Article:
Crisis, contagion, and country funds: effects on East Asia and Latin America
Spillovers effects, from one country or region to other countries and regions, have attracted renewed attention in the aftermath of the Mexican crisis of December 1994. This paper uses data on closed-end country funds to study how a negative shock in Mexican equities is transmitted to Asia and Latin America, and to particular countries within each region. Country funds allow us to study the transmission to other fund net asset values (NAVs) and prices, which are traded in local stock markets in New York, respectively. The evidence indicates that shocks such as the Mexican crisis produce spillover effects which are less strong in Asia than in Latin America. The shocks seem to affect Latin American NAVs directly, while transmission to Asian NAVs appears to "pass through" the New York investor fund community, rather than directly from equity prices in Asia. Even though the data show that co-movements are stronger within each regional market --East Asia, Latin America, and New York-- than between them, investors do treat different countries differently. Shocks such as the Mexican 1994 crisis seem to have a stronger impact in countries with weak fundamentals. A high/export ratio makes the Philippines vulnerable, for example, despite its location in East Asia, while a low debt/export ratio makes Chile relative less vulnerable, despite its location in South America.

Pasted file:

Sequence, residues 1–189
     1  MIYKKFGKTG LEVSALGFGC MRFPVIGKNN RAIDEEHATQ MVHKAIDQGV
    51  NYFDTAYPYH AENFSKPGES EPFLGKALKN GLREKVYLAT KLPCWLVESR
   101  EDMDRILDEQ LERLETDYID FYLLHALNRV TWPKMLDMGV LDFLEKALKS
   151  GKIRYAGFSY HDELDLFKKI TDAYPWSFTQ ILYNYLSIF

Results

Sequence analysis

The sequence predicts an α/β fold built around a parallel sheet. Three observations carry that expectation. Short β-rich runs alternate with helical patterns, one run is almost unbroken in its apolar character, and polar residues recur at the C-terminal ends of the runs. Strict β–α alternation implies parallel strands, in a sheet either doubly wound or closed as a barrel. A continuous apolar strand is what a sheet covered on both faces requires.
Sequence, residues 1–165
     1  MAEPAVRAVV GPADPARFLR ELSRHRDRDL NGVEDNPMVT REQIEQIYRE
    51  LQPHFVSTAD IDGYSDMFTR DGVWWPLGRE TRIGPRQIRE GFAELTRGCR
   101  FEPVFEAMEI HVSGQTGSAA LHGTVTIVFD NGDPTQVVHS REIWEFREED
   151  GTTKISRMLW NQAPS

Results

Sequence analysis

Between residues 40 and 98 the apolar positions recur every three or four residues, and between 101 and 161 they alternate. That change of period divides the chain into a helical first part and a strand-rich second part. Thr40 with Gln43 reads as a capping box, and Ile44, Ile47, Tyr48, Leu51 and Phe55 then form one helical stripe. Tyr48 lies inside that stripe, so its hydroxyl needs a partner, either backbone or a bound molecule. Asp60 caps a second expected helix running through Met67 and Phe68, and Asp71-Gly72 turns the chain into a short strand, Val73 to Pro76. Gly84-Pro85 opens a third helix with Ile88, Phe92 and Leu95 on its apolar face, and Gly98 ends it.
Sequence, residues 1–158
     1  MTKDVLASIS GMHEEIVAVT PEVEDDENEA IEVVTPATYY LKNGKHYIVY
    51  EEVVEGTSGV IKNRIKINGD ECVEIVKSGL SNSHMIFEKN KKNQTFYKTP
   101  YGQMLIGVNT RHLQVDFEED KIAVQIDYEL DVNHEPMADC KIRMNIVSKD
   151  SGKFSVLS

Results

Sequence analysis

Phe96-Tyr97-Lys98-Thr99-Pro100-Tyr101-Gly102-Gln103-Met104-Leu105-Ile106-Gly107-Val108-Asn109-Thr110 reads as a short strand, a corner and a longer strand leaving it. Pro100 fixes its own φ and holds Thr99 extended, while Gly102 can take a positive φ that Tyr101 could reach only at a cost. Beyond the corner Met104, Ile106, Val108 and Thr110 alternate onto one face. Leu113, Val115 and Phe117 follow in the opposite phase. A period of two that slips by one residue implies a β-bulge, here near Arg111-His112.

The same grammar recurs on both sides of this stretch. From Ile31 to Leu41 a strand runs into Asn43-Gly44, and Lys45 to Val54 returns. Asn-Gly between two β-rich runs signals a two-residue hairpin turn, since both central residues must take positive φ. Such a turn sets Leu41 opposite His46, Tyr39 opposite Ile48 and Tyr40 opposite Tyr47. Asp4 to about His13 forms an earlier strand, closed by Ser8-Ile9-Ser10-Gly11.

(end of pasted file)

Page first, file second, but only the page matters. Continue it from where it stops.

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|Date of creation:||1996|
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|Publication status:||Published in Managing capital flows and exchange rates : perspectives from the Pacific basin (Cambridge University Press, 1998)|
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